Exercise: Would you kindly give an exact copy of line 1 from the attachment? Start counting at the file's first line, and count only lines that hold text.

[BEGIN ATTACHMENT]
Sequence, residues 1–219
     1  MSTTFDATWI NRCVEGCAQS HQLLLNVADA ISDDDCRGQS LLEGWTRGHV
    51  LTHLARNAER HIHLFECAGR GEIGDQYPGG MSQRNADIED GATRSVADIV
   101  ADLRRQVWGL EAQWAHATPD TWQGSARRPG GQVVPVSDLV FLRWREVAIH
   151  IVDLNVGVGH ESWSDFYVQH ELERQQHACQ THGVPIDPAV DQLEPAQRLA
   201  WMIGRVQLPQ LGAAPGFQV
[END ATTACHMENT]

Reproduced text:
Sequence, residues 1–219